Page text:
Cameron Messinides ’19, Editor-in- Chief
I’ll be frank: I’m concerned about Kenyon’s direction. At the Collegian this year, we pursued several important stories that we were never able to publish. Sources weren’t willing to speak on the record, or we could never verify crucial facts. These were stories about the health and wellbeing of Kenyon students: stories about sexual harassment, campus accessibility and changes at the Counseling Center. Stories I think students deserve to know.
I chose to help lead the Collegian because I believed this newspaper could give voice to truth. I still believe that. I’m proud of what we did publish, like our reporting on the 2018 midterms and Sisterhood’s theme housing. But after a year at this job, I’ve come to realize that truth, predictably, is tricky business. Not everything that should come to light, does.
Whether it comes from the Collegian or elsewhere, in one year or ten, I hope Kenyon students and the rest of the community will find the truth they need to know. Fare thee well, Old Kenyon — fare thee well.
Devon Musgrave-Johnson ’19, Editor-in-Chief
Over my years with the Collegian, I have seen the campus at some of its best moments and some of its worst. I’ve seen our staff break stories about moments of unity and hope as well as stories of negligence and misconduct. Throughout all of this, we as a community have learned. As I prepare to leave this campus, I see a lot of room for growth.
I can only hope that in the coming years, every member of the Kenyon community — from students to administrators — not only takes the path of growth and learning, but has an equal opportunity to do so. I can’t guarantee that this will happen, but I believe that it can. Either way, I trust that the Collegian will be there to be the record of it all. I’m thankful for everyone who has helped our paper grow over my time here and excited to hand over the responsibility to those who will come after us.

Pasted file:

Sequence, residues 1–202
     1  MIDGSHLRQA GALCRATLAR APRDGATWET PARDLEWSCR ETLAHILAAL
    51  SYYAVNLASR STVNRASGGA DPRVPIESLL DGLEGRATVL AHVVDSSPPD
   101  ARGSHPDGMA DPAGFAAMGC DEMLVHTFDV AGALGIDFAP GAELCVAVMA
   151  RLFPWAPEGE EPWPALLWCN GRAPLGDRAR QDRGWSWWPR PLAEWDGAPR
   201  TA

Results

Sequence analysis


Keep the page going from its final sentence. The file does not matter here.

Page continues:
Grant Miner ’19, Managing Editor
Public perception of the media is at the lowest point that it’s been in American history, or at least in our lifetimes. The most egregious and widespread problem is that papers which see themselves as “speaking truth to power” often fail utterly in that objective. In the best cases, they preserve the status quo, and in the worst, they speak truth as told by power.
As an editor at the Collegian, there’s not a day that goes by that I don’t think about all the times our paper has done the latter rather than the former. The same goes for the thought that, maybe, we have helped that happen a little less as well. But I’ve also heard many people speak as if they never make that mistake either — the same people who complain about administrative wrongdoing weeks after it’s reported in the Collegian. This isn’t me begging for more readership. Thinking that there isn’t any news worth reporting at Kenyon is part of the problem.